The GDPR deadline came and went in a flash. For the amount of frantic emails and seemingly panicked companies who were unsure of how to respond leading up to the deadline, it has been eerily quiet since May 25.
Where are we now and what should marketers still have on their to-do lists related to this regulation? First, let’s take a look back at where we stood beforehand.
Status of compliance leading up to May 25
Prior to the GDPR deadline, SAP Customer Experience and the CMO Council teamed up to examine senior marketers’ experiences, opinions and intentions specific to GDPR compliance. The audience for the study included 165 marketers from leadership roles across North America, Europe, APAC, Africa, South America and the Middle East.
We found that at that time – and this was no surprise – many companies were behind on GDPR compliance and that there remained confusion about whose responsibility it was to manage compliance.
What we did find surprising, though, was among those who had not developed a compliance strategy, 42 percent did not believe GDPR applied to them and 26 percent said they did not collect the type of data protected under the regulation. Further, only half of respondents had a solid plan in place to comply with GDPR and had started to implement changes at the time of the study.
As the steward of customer information, marketing plays a critical role in ensuring compliance and maintaining customer trust as it relates to data. It’s clear that, leading up to the deadline, there were some common misconceptions around who was to manage regulatory compliance in the modern enterprise.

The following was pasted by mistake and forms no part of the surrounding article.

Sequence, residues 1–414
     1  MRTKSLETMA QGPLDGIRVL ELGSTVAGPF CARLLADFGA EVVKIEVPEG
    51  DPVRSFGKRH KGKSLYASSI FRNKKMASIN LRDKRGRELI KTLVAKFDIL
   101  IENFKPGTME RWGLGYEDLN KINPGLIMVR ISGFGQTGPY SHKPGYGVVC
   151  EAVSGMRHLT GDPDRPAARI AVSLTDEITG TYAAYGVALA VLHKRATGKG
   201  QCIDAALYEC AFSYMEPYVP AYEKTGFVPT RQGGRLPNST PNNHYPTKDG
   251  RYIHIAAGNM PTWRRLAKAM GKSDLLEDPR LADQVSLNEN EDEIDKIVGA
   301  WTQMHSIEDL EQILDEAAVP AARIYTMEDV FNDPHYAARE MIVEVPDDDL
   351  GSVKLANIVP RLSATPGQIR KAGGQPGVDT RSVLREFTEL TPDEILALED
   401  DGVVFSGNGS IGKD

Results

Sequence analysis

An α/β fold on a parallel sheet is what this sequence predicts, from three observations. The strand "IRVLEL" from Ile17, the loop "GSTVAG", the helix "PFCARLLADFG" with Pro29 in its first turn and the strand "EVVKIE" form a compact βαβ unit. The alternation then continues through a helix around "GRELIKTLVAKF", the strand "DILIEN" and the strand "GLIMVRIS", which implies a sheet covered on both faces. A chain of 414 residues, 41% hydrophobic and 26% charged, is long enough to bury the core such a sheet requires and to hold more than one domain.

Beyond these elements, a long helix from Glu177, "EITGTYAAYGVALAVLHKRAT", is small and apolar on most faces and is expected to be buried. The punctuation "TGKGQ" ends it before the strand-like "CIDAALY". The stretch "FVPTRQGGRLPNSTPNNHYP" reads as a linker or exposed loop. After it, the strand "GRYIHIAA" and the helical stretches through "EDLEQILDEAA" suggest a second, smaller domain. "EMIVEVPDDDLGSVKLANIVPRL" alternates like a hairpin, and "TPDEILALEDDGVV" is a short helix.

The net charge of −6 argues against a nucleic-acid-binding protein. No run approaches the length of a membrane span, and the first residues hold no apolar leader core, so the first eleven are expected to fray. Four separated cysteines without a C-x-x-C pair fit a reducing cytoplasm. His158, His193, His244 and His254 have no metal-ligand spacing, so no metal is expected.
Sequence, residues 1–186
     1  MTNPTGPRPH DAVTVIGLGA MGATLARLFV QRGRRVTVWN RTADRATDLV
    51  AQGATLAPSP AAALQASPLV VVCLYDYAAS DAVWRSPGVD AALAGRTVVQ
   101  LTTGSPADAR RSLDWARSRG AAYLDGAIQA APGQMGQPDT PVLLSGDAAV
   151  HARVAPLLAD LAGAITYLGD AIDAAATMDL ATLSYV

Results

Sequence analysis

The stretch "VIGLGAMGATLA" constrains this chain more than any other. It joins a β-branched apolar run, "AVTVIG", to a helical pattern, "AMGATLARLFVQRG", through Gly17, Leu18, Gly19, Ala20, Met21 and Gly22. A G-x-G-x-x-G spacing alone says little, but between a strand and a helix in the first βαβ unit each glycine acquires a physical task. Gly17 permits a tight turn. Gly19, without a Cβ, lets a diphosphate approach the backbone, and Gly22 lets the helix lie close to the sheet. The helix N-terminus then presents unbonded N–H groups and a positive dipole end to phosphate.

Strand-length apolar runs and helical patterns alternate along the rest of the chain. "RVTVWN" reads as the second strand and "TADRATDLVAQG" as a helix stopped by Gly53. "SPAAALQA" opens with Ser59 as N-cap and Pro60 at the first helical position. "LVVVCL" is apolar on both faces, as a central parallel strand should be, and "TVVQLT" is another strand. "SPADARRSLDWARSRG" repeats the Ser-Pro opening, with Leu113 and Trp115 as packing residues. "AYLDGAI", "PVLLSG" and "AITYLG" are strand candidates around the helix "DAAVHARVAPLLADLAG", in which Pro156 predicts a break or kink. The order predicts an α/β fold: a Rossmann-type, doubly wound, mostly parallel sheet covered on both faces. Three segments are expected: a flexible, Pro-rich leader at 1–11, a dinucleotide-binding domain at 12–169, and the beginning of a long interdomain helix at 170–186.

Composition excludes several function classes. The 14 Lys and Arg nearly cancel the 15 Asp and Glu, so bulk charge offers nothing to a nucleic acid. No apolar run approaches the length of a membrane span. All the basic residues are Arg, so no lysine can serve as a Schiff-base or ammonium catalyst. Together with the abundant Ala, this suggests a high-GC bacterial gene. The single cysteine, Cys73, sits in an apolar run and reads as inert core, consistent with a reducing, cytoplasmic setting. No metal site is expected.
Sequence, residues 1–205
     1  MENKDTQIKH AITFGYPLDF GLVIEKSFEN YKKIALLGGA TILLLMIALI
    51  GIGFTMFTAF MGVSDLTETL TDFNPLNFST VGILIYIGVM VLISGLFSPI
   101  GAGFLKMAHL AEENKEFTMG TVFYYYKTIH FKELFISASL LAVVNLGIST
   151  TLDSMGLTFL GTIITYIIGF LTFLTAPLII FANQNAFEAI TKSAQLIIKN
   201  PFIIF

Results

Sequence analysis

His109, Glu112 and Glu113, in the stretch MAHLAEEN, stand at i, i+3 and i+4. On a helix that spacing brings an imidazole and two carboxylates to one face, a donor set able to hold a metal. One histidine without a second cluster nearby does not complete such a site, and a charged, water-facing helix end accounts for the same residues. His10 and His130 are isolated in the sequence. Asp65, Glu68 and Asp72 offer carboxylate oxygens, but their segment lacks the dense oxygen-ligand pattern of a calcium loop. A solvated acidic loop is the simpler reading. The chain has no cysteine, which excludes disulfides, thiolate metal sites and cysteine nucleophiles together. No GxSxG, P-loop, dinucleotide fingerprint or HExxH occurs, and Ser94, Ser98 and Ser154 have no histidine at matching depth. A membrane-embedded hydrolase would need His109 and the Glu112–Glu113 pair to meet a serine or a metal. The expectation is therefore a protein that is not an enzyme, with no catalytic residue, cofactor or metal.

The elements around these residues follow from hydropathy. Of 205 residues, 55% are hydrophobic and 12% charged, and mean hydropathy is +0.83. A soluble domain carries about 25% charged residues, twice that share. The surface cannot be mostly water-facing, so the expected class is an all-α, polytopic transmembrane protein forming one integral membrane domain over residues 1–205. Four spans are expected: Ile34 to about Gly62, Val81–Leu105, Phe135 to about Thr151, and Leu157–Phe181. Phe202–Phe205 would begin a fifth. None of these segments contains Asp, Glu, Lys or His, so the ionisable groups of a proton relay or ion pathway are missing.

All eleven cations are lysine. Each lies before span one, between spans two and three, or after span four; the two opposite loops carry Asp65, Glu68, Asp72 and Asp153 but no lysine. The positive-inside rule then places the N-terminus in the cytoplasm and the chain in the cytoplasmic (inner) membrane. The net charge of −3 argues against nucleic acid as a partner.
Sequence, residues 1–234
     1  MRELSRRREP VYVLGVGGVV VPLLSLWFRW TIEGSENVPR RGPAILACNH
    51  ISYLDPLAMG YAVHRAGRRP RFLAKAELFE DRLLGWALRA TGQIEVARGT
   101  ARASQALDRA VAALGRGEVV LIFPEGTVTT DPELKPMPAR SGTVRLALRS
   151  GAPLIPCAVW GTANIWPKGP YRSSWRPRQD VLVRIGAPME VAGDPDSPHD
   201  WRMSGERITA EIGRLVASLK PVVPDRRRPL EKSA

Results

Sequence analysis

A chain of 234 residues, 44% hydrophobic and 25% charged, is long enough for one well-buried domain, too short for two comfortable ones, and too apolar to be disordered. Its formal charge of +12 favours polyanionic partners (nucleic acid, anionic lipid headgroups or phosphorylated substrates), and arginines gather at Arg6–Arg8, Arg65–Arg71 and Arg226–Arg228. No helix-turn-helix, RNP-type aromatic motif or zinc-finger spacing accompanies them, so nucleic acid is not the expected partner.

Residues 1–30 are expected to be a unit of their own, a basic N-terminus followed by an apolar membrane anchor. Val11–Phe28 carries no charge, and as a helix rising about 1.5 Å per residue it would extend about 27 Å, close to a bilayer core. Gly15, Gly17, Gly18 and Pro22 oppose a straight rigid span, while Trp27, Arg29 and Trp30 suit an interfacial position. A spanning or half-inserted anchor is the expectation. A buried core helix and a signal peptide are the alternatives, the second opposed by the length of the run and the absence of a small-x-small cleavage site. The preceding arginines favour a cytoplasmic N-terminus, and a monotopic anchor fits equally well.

GDPR’s impact on customer experience
While many companies were not prepared for the GDPR deadline, a majority (71 percent) understood that it would have a substantial impact on the customer experience by increasing transparency for how customer data is used.
In fact, most marketers saw the regulation as an opportunity to increase customer loyalty. However, believing this in theory and executing it in practice are two different things.
In the new data landscape, marketers have an opportunity (and an obligation) to ask about – and abide by – customer data collection preferences. Once customers are aware of what pieces of personal information are being used and have control over its use, they will be more likely to allow that data to be leveraged in return for a better experience. Ultimately, GDPR provides context for how to connect data with customer engagements that are actually designed around the customer. Marketers should use this guidance to their advantage.
Trust as the ultimate currency
However, a better experience cannot be delivered without an underlying level of trust between brand and consumer; customer experience and trust are inextricably linked.
Marketers gain customer trust by being transparent and they keep it by consistently providing value and giving customers meaningful control of the personal data collected from them. GDPR validates and supports this notion. To successfully connect with the customer, organizations must identify and engage consumers across channels in a way that is respectful of their wishes and their privacy.